2002-Jul-02, 05:51 PM
Thanks alot. I will look into azimov. But even if Coruscant id 1/10th from the galactic center, their sky would be immensely brighter than it is shown on the movie during "nighttime" and they would not see any stars at all. This is because the stars light has to travel a shorter distance to find them.

Also I am a little rought on my astronomy here, but isn't the main porton of star formation and gas cluds that form planetary ststems in the "arms" of the galaxy with the dead and dieing stars near the center?

pvtpylot
2002-Jul-02, 07:05 PM
On 2002-07-02 13:51, g99 wrote:
Thanks alot. I will look into azimov. But even if Coruscant id 1/10th from the galactic center, their sky would be immensely brighter than it is shown on the movie during "nighttime" and they would not see any stars at all. This is because the stars light has to travel a shorter distance to find them.

Also I am a little rought on my astronomy here, but isn't the main porton of star formation and gas cluds that form planetary ststems in the "arms" of the galaxy with the dead and dieing stars near the center?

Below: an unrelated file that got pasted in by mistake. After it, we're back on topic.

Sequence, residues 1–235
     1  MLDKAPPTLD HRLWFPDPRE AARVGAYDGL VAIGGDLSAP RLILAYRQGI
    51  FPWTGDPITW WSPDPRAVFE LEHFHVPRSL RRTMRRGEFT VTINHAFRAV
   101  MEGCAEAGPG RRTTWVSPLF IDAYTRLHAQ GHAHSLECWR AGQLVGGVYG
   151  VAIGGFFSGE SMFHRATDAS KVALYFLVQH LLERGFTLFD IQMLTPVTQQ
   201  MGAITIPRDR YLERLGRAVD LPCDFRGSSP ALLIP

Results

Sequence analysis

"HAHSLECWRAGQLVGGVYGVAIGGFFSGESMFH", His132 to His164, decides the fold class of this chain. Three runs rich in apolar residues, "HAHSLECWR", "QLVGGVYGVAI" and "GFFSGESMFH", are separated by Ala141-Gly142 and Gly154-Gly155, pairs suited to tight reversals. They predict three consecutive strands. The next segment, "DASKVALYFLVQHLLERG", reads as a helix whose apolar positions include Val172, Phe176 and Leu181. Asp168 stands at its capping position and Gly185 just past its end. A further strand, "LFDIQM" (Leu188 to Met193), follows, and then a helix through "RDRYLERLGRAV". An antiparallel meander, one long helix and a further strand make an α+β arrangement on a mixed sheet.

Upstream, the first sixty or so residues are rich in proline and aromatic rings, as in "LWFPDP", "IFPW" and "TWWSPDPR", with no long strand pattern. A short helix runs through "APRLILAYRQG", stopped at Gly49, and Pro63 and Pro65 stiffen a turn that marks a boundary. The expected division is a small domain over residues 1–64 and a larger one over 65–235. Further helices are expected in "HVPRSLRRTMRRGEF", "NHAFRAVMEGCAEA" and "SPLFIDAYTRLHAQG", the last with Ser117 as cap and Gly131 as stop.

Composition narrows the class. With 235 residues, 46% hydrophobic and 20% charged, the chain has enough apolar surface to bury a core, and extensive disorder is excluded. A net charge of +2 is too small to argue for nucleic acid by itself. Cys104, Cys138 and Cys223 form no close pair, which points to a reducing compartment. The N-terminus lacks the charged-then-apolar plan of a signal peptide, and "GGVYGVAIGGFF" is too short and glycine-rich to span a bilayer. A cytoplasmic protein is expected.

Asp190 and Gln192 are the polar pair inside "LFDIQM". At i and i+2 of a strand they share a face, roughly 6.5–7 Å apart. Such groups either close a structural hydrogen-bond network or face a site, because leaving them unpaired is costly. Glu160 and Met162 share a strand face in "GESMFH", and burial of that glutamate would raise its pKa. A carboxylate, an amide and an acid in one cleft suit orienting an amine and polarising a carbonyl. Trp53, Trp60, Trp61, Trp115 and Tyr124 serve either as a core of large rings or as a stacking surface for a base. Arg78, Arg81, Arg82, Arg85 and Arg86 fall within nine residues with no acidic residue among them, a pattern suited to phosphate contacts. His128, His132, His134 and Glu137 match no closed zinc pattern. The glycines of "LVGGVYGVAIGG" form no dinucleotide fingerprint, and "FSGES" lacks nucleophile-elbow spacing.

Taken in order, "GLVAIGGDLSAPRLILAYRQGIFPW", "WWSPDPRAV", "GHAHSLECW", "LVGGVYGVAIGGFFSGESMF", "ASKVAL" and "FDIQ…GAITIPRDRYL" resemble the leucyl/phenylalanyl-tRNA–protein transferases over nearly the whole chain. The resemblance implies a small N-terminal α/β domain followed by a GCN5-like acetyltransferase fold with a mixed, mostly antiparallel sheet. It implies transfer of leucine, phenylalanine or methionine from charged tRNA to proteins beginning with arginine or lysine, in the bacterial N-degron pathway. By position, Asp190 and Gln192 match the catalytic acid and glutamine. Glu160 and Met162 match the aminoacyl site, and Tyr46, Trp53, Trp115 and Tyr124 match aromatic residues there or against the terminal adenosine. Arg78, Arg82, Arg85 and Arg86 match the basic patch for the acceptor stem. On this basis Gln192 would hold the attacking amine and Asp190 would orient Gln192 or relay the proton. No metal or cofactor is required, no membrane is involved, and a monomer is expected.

If you go to Amazon or Google be sure to spell it with an "S" and not a "Z". "Azimov" will get you some funny search results. /phpBB/images/smiles/icon_smile.gif I'd never heard anything special about the age of the stars at a spiral galaxy's center, I would think that there would be the same distribution of stellar ages as anywhere else since dying stars in the center would still create new nebula which in turn create new stars.

g99
2002-Jul-02, 09:04 PM
yes, that makes sense. But currently the theory (or so my astronomy professor has taught me last year) that a "gravity wave" propegates throught the spiral arms and dark matter at the edge of the galaxy. I think the stars at the center are still to distant to form new stars unless one goes supernove right next to a gas cloud. But i could be wrong.

By the way, in all of the star wars, wouldnt the desert planet (i forget the name) be torn apart by the gravitational pulls of the two suns? Also how can there be air on that planet and the ice planet from empire strikes back if there are no plants? I know it is only a movie, but sometimes you have got to be critical.